1. Improve your v02 Max:
Instead of worrying about the mileage in your training plan, think about improving your v02 max through the use of speed work.
This ultimately means you will run less, but the quality in which you run, when you do, will be at your body’s threshold, increasing the amount of oxygen you can consume to produce the energy required to move your body faster. Your v02 max is the maximum amount of oxygen an athlete can use. And the more oxygen your body can use, the faster you will run. Therefore, the better your v02 max, the more fit you will be to hold your race pace.
Some of my favorite benchmark speed workouts:
Workout 1: 6 800 meter repeats with a 2 minute break in between (80% of your race pace)
Workout 2: 8 400 meter repeats with 60 seconds in between (90% of your race pace)
Workout 3: 1600 meters (walk 3 minutes), 1200 meters (walk 2:30), 1000 meters (walk 2 minutes), 800 meters (walk 2 minutes), 800 meters (walk 2 minutes), 400 meters (walk 1 minute), 400 meters (walk 1 minute), 200 meters (cool down 5 minutes) (4 miles total)
2. Hill Work
We all hate the hill. I ran a half marathon the other month that was literally one giant hill, so I understand. Luckily, I had been training hill sprints and was prepared to endure the physical demands hills require.
Here is the question of the day though, do hills require muscular strength or aerobic endurance? Surprisingly, the answer is aerobic. So in order to get better at saving time on these hills on race day, it would be most beneficial to train your v02 max. Refer to point 1, with speed work ;). It all goes together!
Now, in terms of how hill may effect your overall time on race day: “work by Jack Daniels, of Daniels Running Formula fame, produced a “rule of thumb” described by Daniels several years ago online.3 His rule states that every percent gradient of incline (going uphill) will slow you by 12-15 seconds per mile, and every percent gradient of decline (going downhill) will aid you by 8 seconds per mile.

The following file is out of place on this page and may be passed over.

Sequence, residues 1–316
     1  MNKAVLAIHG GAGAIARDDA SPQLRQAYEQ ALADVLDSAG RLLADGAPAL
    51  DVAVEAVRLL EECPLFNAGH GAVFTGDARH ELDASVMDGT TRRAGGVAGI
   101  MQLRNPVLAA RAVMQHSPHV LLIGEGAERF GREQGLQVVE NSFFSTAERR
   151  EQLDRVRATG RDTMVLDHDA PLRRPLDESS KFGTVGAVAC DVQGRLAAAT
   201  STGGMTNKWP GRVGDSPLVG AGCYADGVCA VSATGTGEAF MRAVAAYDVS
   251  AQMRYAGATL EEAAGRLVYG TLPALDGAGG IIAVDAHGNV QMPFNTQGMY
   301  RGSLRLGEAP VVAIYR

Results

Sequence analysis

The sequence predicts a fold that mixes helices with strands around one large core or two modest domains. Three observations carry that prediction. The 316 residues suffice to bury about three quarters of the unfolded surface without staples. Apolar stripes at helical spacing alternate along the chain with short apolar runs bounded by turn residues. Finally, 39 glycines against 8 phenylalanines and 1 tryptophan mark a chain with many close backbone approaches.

Another interesting component about training hills is that it improves your posterior chain, which for runners, is pretty weak. Your posterior chain consists of your biceps femoris, gluteus maximus, erector spinae muscle group, trapezius, and posterior deltoids, which is weak for about 95% of runners. Strengthening these muscles and the tendons that connect them, will make you more likely to maintain your race pace on the hills and less likely to get injured since your bones will be supported by stronger muscles.
3. Triple Extension Lifting
This explosive extension of the knee, hip, and ankle is triple extension, and this is the key to athletic power or explosiveness. Improving your ability to move powerfully and explosively is a necessity when it comes to improving your race pace. Think about runners who don’t lift. Their muscles are being used in the same fashion, in the same way almost every day. On the other hand, runners who have stronger muscles are more likely to have some reserves to draw on when their body becomes fatigued during a race.
By using weightlifting movements such as the power clean and power snatch, you can begin to unlock explosive power that can help propel you forward better and more efficiently. Movements like deadlifts and squats will also improve how your posterior chain, which I referred to in point 2, moves as well.
4. Upper Body Strength
Don’t forget that you have arms. “You arms set the tone: The faster your arms are, the faster your legs are going to be,” says Dan Ownes, owner of Hyper Fit Training in Wall, New Jersey, and a coach for the Full Throttle Endurance triathlon team in New York.
The pace in which you arm swing goes, is what sets the tone with how your legs will move you forward. So the stronger your upper body is, the stronger your stride is going to be. When your arms fatigue out, your legs will shortly follow, which will end the glory of your run prematurely. BUZZKILL!
My favorite “runner specific” upper body exercises: Hang cleans, Push press, push ups, renegade rows, and lat pull downs.
5. Choose one of these and master it: 3×2, 6×1, or 2×2 and 2×1
This means you run 2 miles 3 times, and I would give it a 5 minute break in between each 2 mile repeat. You are to run these at, or faster than, your race pace.
The second one is 6 1 mile repeats. So I would recommend that if you run 7:30 pace for your 10k, you would train these mile repeats anywhere (in descending order), from 7:00 min-6:30 min.
The last one is a great workout, and one of my favorites. You will run 2, 2 mile repeats faster than race pace, and then one all out mile at the end. Take a 5 minute break in between the 2 mile repeats, and a 3 minute break before your run the 1 mile.